Sugar Substitutes To Maintain

Sugar substitutes are chemical or plant-based substances used to sweeten or enhance the flavor of foods and drinks. You may have heard them called “artificial sweeteners” or “non-caloric sweeteners.” They can be used as a tabletop sweetener (for example, to sweeten a glass of iced tea) and/or as an ingredient in processed foods and drinks.

Most sugar substitutes are many times sweeter than sugar. It takes a smaller amount of these sugar substitutes to provide the same level of sweetness. Some sugar substitutes are low in calories. Others have no calories.

Sugar substitutes are regulated as food additives by the U.S. Food and Drug Administration (FDA). This means that the FDA reviews scientific evidence to be sure that a sugar substitute is safe before it can be used in foods and drinks.

Path to improved health

Sugar substitutes provide sweetness and enhance the flavor of food without adding the calories of sugar. Unlike sugar, they do not contribute to tooth decay. Most of them do not raise blood sugar levels. This may be helpful if you have diabetes and have to be careful about how much sugar you consume.

Sugar substitutes may also be helpful if you are trying to control the amount of calories you consume. They are found in most of the “light,” “reduced calorie,” and “sugar-free” foods and drinks available today. Although sugar substitutes have fewer calories than sugar, it’s best to limit them and focus on healthy food choices. Fruits, vegetables, lean meats, and whole grains are the best sources of nutrition for your body.

How can I tell if a food or drink contains a sugar substitute?

Sugar substitutes are used in many processed foods and drinks, including baked goods, soft drinks, powdered drink mixes, candy, puddings, canned foods, jellies, and dairy products. Check the ingredient list on the nutrition facts label for the names of the sugar substitutes listed above. This list gives ingredients in descending order by weight. Unless you add a sugar substitute yourself, it is often hard to know exactly how much a food or drink contains.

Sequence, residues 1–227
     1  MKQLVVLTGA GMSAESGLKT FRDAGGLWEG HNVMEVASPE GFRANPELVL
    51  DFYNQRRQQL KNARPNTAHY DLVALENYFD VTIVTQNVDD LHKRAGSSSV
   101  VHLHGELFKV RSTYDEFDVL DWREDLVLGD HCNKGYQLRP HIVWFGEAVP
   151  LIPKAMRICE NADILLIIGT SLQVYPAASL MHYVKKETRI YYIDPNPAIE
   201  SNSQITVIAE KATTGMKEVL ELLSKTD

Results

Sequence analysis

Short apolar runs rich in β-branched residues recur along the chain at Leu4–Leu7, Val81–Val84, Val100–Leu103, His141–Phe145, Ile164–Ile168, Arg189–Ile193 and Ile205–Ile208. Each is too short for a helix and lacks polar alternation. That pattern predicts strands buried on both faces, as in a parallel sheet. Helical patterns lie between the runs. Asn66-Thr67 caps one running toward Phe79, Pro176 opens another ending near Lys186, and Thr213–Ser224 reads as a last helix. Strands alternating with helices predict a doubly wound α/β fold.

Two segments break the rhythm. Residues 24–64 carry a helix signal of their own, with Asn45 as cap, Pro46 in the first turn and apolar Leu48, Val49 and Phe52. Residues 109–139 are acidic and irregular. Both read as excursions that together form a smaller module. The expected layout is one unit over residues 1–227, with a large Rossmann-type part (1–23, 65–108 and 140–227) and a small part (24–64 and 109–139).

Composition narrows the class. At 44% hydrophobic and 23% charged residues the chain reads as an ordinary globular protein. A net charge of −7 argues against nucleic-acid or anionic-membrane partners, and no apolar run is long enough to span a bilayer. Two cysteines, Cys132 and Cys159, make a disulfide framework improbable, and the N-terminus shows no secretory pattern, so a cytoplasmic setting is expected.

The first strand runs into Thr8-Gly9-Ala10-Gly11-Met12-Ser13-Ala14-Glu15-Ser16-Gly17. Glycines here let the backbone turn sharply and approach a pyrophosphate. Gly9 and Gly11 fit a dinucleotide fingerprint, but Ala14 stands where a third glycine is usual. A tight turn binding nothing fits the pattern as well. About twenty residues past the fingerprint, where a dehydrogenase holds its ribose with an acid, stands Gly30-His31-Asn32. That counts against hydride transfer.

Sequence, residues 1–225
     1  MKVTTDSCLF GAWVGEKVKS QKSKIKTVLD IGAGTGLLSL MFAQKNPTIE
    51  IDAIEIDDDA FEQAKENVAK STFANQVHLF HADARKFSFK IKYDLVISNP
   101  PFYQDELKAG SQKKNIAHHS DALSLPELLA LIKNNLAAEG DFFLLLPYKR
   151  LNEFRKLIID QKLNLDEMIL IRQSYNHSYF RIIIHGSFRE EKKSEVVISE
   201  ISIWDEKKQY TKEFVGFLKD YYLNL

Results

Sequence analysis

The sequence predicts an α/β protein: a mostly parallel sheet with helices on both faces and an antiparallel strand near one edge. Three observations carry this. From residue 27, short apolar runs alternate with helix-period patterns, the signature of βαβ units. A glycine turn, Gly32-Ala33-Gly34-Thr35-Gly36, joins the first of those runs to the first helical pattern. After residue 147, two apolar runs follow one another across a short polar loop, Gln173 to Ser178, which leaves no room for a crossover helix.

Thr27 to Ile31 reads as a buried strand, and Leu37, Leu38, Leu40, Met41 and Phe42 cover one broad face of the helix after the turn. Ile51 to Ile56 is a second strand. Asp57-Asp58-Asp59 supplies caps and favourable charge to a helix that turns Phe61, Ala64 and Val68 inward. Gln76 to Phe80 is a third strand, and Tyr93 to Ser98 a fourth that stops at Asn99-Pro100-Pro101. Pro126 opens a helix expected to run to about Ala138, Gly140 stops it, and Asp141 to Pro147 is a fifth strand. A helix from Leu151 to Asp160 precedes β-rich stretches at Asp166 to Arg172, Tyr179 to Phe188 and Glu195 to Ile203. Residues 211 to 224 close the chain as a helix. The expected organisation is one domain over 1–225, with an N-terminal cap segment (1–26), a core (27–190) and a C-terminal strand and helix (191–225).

Things to consider

Over the years, there has been much research done concerning the safety of sugar substitutes. The findings of this research support the conclusion that FDA-approved sugar substitutes are safe to use in moderation. Also, GRAS sugar substitutes (stevia extracts, monk fruit extracts, and sugar alcohols) are considered safe.

While they are considered safe, sugar substitutes can cause diarrhea. This can happen when you consume large amounts of a product such as sugar-free candy.

When to see a doctor

Health experts have debated for years the use of sugar substitutes. Some would say that sugar substitutes are still controversial. However, the scientific community and FDA agree that they are safe to use, especially in moderation. If you have concerns, you should talk to your doctor about how or when to include sugar substitutes as part of a healthy diet.

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